FTC Brings Data Breach Case
|November 17, 2006
Company Failed to Use Reasonable Security Measures to Protect Consumers’ Data
Guidance Software Inc. has agreed to settle Federal Trade Commission charges that its failure to take reasonable security measures to protect sensitive customer data contradicted security promises made on its Web site and violated federal law. According to the FTC, Guidance’s data-security failure allowed hackers to access sensitive credit card information for thousands of consumers. The settlement will require the company to implement a comprehensive information-security program and obtain audits by an independent third-party security professional every other year for 10 years.
Guidance sells software and related training, materials, and services customers use to investigate and respond to computer breaches and other security incidents.
According to the FTC complaint, Guidance failed to implement simple, inexpensive and readily available security measures to protect consumers’ data. In contrast to claims about data security made on Guidance’s Web site, the company created unnecessary risks to credit card information by permanently storing it in clear readable text. In addition, the complaint alleges that Guidance failed to protect the information by:
- failing to assess adequately the vulnerability of its network to commonly known or reasonably
foreseeable Web-based attacks, such as structured query language injection attacks;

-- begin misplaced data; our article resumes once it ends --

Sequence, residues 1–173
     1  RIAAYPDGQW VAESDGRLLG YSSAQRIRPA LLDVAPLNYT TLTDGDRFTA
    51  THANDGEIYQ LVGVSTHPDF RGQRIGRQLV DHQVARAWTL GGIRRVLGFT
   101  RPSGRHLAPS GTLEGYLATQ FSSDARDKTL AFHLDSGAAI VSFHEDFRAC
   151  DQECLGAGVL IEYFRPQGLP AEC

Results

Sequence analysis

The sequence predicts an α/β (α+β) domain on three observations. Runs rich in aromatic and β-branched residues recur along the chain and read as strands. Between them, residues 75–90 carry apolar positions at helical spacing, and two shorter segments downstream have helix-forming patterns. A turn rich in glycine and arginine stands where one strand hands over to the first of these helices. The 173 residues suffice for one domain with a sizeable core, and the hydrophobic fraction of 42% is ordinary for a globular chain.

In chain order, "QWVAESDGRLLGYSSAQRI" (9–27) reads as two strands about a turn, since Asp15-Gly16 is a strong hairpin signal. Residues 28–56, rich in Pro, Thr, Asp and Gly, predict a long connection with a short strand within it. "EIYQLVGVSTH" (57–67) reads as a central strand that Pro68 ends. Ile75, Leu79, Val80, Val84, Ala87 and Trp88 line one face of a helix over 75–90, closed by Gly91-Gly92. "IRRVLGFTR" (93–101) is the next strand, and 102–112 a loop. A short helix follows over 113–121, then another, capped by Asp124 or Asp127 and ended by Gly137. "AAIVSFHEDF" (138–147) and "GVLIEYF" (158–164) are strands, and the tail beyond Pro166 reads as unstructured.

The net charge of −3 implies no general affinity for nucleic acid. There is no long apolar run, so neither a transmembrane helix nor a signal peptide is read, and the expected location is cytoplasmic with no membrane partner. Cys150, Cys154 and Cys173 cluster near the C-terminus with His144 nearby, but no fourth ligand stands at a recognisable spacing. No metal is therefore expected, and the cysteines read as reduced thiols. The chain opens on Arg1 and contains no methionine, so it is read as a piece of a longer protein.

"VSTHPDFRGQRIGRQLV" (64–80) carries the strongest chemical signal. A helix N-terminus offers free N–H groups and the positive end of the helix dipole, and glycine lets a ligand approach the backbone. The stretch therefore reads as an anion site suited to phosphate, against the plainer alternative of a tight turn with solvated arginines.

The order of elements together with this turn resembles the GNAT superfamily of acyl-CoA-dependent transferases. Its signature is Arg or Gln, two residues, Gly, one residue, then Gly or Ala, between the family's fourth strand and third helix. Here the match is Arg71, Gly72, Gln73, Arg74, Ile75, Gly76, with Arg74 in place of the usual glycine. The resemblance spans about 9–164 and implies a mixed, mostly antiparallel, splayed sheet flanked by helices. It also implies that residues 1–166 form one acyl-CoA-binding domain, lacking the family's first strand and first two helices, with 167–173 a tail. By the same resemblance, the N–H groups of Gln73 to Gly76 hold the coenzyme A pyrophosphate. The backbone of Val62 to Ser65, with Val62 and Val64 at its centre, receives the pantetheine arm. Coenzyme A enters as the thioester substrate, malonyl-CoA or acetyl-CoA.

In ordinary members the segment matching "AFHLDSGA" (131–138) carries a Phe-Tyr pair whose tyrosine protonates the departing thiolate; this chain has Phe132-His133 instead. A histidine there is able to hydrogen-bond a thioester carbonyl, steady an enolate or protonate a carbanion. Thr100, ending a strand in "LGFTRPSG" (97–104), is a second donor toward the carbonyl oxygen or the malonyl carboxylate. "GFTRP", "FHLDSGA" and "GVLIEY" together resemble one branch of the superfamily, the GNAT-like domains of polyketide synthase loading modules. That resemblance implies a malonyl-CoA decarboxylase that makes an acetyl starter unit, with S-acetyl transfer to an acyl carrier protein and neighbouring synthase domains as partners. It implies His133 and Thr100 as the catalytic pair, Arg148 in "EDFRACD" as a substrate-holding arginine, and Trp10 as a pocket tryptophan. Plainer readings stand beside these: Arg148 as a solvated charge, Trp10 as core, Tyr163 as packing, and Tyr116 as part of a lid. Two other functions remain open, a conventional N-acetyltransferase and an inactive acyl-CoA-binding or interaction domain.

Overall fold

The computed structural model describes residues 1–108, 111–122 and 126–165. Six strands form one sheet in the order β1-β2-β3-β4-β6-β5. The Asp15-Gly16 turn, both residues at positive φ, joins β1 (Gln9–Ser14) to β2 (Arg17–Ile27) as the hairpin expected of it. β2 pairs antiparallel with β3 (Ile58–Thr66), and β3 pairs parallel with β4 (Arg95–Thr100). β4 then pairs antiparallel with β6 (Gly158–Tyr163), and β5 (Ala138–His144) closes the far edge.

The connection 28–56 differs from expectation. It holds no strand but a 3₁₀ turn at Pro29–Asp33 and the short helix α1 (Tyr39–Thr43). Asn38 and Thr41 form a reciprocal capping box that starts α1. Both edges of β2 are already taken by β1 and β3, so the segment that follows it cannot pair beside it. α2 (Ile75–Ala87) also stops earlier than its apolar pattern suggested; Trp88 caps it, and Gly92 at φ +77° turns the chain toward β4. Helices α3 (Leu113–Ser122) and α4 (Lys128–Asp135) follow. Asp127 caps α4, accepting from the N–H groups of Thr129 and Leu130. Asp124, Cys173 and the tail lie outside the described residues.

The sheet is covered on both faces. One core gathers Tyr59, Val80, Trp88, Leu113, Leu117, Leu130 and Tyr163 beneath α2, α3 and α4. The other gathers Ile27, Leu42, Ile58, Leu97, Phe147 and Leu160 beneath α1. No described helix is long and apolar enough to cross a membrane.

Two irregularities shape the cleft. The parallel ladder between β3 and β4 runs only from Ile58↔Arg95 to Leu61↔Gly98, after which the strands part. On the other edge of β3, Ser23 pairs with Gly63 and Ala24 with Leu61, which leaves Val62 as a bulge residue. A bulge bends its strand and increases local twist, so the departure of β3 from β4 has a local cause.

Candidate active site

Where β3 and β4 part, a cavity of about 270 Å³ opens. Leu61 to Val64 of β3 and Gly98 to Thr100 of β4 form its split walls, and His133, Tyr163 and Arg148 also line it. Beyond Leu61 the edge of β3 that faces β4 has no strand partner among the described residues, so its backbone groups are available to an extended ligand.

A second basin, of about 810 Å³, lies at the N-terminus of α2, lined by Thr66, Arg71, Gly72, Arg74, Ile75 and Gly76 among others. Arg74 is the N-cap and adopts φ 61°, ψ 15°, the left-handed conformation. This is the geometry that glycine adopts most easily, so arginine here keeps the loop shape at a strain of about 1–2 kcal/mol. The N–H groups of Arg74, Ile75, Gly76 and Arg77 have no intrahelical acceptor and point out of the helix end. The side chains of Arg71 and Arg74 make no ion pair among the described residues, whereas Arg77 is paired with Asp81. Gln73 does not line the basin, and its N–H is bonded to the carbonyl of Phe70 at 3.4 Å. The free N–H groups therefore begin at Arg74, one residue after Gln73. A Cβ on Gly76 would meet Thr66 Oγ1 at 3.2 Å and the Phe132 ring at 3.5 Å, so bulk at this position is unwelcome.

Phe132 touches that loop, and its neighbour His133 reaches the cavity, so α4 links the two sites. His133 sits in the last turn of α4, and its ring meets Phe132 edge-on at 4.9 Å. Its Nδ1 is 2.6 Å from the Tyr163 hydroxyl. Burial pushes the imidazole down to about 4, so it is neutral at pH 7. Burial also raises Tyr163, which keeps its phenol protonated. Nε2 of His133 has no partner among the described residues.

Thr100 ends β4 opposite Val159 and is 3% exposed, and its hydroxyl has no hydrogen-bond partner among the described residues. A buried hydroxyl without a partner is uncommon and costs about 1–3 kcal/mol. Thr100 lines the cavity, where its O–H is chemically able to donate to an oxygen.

- failing to implement simple, low-cost, and readily available defenses to such attacks;
- storing in clear, readable text network administrator credentials, such as user name
and password, that facilitated access to credit card information stored on the network;
- failing to use readily available security measures to monitor and limit access from the
corporate network to the Internet; and
- failing to employ measures to detect unauthorized access to consumers’ credit
The settlement bars misrepresentations about security measures in the future and requires Guidance to establish and maintain a comprehensive information-security program that includes administrative, technical, and physical safeguards. The settlement also requires Guidance to obtain, every two years for the next 10 years, an audit from a qualified, independent, third-party professional to assure that its security program meets the standards of the order. The company also will be subject to standard record keeping and reporting provisions to allow the FTC to monitor compliance.
This is the FTC’s fourteenth case challenging faulty data-security practices by companies that handle sensitive consumer information.
The Commission vote to accept the proposed consent agreement was 5-0. The FTC will publish an announcement regarding the agreement in the Federal Register shortly. The agreement will be subject to public comment for 30 days, beginning today and continuing through December 15, 2006, after which the Commission will decide whether to make it final. Comments should be addressed to the FTC, Office of the Secretary, Room H-135, 600 Pennsylvania Avenue, N.W., Washington, D.C. 20580. The FTC is requesting that any comment filed in paper form near the end of the public comment period be sent by courier or overnight service, if possible, because U.S. postal mail in the Washington area and at the Commission is subject to delay due to heightened security precautions.
NOTE: Consent agreements are for settlement purposes only and do not constitute an admission by the defendant of a law violation.